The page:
Since I have an unquenchable curiosity, I put time limits on my research, based on the size of the project and my knowledge. It is too easy to lose myself in the research equivalent of cat videos. On the other hand, I do more than answer top-of-mind questions with my research. I allow myself to follow investigate some topics that intrigue me even though they don't seem necessary.

I avoid over-researching. I like having some loose ends and unanswered questions. I like unexplained discontinuities. A bit of intrigue and risk can add spice to the composition process.

Some of my research is not literal. I explicitly look for models and systems that are not obvious but are either analogous to my topic or in sharp contrast. Sometimes this is as simple as looking closely at a historical event and mapping it into a science fiction story. But I also may play with a concept like how memory is stored in the brain by getting a deeper understanding of how the immune system recognizes a pathogen it has been exposed to before. 

I also keep a lookout for collisions of ideas. In fact, many of my stories are based on unlikely combinations, such as putting zombies to work at a health spa.

Once I am in the composition phase, I avoid research as much as possible. This includes inserting explanations that are good enough and searchable words (bagel is my favorite) for names and terms that don't come readily to mind. Any fact or word I know I can grab during revision is simply marked for that step so that the flow of writing will not be impeded.

There is one exception: emotional research. My scenes only come alive when I feel the same sadness, joy, terror, etc. that the protagonist feels. I may, in the course of composition, need to step aside and write something biographical that forces me to re-experience strong emotions. (I can do this before composition and insert words that suggest my feelings as I create an outline -- and I prefer this. But this is more likely to happen in the moment of creation.)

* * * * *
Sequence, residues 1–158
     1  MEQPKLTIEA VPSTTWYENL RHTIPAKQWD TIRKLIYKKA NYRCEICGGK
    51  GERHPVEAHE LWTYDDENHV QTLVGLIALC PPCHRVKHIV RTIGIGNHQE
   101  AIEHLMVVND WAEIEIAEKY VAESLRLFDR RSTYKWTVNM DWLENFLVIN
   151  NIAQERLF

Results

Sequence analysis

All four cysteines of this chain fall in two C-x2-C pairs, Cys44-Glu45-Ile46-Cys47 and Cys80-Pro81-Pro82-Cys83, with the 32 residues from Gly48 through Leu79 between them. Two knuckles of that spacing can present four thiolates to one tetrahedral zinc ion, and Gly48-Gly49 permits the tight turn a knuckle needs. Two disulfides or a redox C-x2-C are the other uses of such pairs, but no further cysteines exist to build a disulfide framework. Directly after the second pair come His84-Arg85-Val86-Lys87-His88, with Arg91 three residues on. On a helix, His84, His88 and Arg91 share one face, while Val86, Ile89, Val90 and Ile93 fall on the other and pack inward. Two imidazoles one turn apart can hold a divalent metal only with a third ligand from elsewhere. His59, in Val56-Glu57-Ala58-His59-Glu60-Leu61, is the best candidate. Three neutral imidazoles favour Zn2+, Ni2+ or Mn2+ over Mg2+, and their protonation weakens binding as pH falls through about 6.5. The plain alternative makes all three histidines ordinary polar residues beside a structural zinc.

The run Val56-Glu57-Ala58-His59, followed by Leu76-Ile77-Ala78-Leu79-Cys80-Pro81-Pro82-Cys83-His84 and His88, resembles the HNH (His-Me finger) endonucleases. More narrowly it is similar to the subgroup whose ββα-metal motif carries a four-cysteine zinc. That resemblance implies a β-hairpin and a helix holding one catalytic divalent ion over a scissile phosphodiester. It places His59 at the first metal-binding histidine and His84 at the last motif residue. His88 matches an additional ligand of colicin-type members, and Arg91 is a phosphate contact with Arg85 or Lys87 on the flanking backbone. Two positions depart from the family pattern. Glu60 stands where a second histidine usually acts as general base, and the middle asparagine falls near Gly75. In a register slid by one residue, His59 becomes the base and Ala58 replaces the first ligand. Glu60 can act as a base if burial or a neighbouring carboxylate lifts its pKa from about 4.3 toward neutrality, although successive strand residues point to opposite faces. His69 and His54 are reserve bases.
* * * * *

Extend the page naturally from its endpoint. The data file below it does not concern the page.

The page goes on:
At times, I've found my estimates on research being complete to be wrong, in terms of key topics exposed about which I know little or waning enthusiasm. I approach these the same way I do in prep research, with directed assignments and time limits. And I never replace scheduled composition time with research.

For readers, verisimilitude is essential. By the time you turn in the manuscript, there should be enough true and clear information to immerse the readers in your story. This does not mean sharing all you know or showing off, but the world and sequences of events must be grounded in reality (even in a fantasy). Naturally, you'll lose big if you get something wrong. One reason I never tried to write a Western (a big genre when I started writing) is because its fans were famous for knowing all the details. Putting the wrong pistol in the hero's hands would shatter the illusion for them. You don't need to have everything right when you compose, but you have to be alert to factual errors during revision. Take fact-checking as seriously as a reporter would.

Today, doing research is easier, thanks to the Internet. When, in pre-Web days, I wrote a novel with scenes set in Singapore, I had to gather travel brochures, dig through history books, and page through National Geographic magazines. I even called in a favor and had a bundle of newspapers sent from a friend who was living there.

I was quite happy with the results. When, years later, I had the chance to visit Singapore, I didn't find anything that made me feel as if I'd messed up the facts or gotten the feeling wrong. In fact, I had a strange sense of deja vu as I walked the city's streets.

With that in mind, consider going to a library, interviewing people, and visiting locations where your story takes place. If you've never shot a gun and your character will fire one, take a course at a gun range and talk to the owner and the patrons. Most people love to help you in your research. Take advantage of that.

Ultimately, whatever you do in terms of research is done in service of the story. You do need to know more that the reader does by the time you are finished. You need to pin your interest to enough facts to make it real to you and to maintain your enthusiasm. And you need to make it real with details that you find directly. If all you know about the mob comes from movies and novels, don't try to write about organized crime. We do not need another Godfather knockoff.